Don’t try to write chronologically. Ideas don’t always come in a chronological order and trying to arrange them this way may hinder their potential. Let’s suppose we start with a motif and develop it for a while. One day we suddenly come up with a gesture that is not directly connected to it. At this point we can choose to continue with the previous idea, develop the new gesture or try to connect them both. If both gestures are incompatible but we nevertheless force a connection, we might be doing double damage: the first idea will not develop to its full potential and the second idea won’t be able to shine, even if it had the potential to spark a whole new composition by itself. The best course of action is simply to explore the second idea and develop it. Who knows, it might become another movement or we can save it for another occasion and use it in a later piece.
One of the first times I faced composer’s block was about ten years ago, when writing “Vortex”, a short piece for piano. A friend of mine, Sampo, was going through a similar experience so he suggested meeting everyday and showing each other our progress. We did so for the first week and although we didn’t continue, the strategy worked and generated enough motivation within us to continue on our own. The reason why I was facing a block at that moment was because I was exhausted. I had had no rest for many months and yet I had to write this piece. Today I would probably refuse, but back in the day I hadn’t yet learned to say no. In any case, I decided to devote exactly one hour each day to writing the piece. This worked marvelously because this constraint meant that during that one hour I was extremely concentrated. Eventually, ideas kept coming to my head throughout the day to the point which, when the moment came to write them down, I was in a race against the clock to write everything down rather than forcing myself to writing something.
There is no question that maintaining a daily routine can help. After all, composing can also be thought as mental gymnastics. The moment of inspiration is usually so brief that when it is gone, all we are left with is blank paper and hard work. Developing a routine helps keep ideas flowing at all times. Many of us might have noticed that although we are not in front of the piano or the working desk, our brains keep working on solving problems that were posed before. Sometimes we find solutions while working on them, but this can also happen while taking a walk, working out or even during our sleep.
Sometimes it can also help to work on two pieces simultaneously, so if we meet a dead end on one piece, we can switch to the other one. In 2004 I worked simultaneously on my ballet “Los Magos del Silencio” and “Varem”, my concerto for koto and orchestra. Transitioning from one piece to the other was hard at first, but as I did it more often I realized it was becoming easier. Both pieces were very different from each other. Varem had a very well-thought-of harmonic, rhythmic and formal plan. In fact, I composed the six movements in reverse order. The ballet on the other hand, was freer and although the order of all dance numbers had been decided beforehand, everything else had to be started from scratch. I liked the contrast between these pieces because it was precisely their difference that made it easier for me to compartmentalize them within my brain and work on them simultaneously without letting them influence each other.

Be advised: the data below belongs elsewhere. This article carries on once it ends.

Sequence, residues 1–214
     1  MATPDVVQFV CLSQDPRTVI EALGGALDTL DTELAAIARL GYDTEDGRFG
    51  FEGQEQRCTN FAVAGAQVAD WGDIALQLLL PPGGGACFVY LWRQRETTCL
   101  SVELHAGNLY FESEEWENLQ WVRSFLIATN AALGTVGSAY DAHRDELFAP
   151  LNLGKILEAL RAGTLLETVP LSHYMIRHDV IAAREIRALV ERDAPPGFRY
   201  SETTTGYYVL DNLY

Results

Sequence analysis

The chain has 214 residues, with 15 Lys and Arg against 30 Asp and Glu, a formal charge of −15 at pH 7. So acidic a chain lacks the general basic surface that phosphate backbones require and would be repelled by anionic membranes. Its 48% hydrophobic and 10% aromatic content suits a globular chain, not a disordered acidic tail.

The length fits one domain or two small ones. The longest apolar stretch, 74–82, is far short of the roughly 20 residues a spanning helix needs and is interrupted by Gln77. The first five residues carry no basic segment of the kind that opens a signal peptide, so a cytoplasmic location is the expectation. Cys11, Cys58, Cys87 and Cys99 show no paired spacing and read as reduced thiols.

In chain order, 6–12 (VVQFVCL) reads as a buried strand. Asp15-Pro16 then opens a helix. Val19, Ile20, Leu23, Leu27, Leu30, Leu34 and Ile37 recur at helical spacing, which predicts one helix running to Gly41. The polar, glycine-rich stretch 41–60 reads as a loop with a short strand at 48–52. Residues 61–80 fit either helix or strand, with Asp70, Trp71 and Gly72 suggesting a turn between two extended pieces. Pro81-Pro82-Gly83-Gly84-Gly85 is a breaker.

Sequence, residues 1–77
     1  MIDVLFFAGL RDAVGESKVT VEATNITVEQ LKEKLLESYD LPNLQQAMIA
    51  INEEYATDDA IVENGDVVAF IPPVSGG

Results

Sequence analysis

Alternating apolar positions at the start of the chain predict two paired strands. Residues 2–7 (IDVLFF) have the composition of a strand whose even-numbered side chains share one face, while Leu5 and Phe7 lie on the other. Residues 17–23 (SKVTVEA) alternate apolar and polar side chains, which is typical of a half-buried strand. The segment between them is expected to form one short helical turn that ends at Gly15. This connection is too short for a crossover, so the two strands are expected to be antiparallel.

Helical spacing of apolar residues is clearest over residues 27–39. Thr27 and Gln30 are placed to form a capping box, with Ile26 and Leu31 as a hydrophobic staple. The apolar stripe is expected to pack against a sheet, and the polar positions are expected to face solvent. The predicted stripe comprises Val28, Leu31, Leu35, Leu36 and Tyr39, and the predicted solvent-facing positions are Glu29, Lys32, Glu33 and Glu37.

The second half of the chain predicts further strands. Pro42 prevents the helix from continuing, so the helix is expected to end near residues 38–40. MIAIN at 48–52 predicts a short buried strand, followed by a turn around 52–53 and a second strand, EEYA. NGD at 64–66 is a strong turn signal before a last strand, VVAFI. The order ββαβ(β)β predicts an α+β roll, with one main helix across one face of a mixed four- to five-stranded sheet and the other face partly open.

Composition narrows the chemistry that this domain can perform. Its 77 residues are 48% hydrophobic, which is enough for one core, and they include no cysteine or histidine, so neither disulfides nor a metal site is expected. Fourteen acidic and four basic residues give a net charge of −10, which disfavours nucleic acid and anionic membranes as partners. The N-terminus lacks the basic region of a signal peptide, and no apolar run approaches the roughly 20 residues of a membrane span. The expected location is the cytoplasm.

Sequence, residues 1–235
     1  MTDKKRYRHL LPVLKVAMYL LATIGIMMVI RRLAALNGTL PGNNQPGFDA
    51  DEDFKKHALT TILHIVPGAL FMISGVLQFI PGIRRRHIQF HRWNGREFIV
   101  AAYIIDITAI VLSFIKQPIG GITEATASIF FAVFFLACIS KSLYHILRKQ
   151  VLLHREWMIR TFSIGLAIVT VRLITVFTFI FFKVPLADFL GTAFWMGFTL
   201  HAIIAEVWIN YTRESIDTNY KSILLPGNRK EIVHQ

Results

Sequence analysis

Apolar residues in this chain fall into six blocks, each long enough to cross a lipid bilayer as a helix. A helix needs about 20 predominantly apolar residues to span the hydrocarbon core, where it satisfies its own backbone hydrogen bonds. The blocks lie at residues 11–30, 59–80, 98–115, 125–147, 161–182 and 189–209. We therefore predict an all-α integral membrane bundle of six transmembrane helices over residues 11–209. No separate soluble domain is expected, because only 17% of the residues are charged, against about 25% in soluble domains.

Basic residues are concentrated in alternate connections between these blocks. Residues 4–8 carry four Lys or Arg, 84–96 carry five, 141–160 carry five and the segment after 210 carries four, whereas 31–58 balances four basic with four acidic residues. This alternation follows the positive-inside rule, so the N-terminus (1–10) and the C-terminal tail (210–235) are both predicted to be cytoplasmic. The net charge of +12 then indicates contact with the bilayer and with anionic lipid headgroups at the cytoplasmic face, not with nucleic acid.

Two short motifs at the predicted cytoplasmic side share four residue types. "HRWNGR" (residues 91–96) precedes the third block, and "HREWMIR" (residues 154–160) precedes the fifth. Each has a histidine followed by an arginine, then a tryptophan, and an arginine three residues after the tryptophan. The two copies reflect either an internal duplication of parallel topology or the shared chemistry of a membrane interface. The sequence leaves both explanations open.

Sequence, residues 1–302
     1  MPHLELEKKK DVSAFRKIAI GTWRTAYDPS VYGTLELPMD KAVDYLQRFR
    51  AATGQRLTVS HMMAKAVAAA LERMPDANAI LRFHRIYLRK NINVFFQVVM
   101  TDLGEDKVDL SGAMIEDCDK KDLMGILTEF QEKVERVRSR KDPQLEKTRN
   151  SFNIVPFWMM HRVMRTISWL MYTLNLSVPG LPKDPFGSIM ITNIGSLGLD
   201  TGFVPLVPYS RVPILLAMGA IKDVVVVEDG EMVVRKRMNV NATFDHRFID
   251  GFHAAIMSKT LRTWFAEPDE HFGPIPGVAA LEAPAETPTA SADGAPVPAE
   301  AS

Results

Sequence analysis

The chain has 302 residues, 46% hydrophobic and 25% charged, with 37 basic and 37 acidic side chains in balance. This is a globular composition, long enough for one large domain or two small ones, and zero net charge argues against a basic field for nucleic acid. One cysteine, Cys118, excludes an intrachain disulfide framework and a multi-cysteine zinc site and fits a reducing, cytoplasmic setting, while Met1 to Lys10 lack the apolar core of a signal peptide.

It might be somewhat comforting to know that even great composers have gone through difficult times trying to overcome composer’s block. During the last 30 years of his life Jean Sibelius composed very little, while Rossini mysteriously retired at 37. On the other end of the spectrum we have Händel who famously composed his entire Messiah oratorio in 24 days. It might also help to take ourselves more lightly: “Composer’s combine notes, that’s all” Stravinsky would tell Robert Craft in his dialogues. In moments of hardship it is essential to ask ourselves “what brought us to music in the first place?” It is the answer to the question that will invariably lead us to the fertile grounds of our own creativity. As Debussy would say: “It is necessary to abandon yourself completely, and let the music do as it will with you. All people come to music to seek oblivion” .
 The Cambridge Companion to Debussy (2003) by Simon Trezise.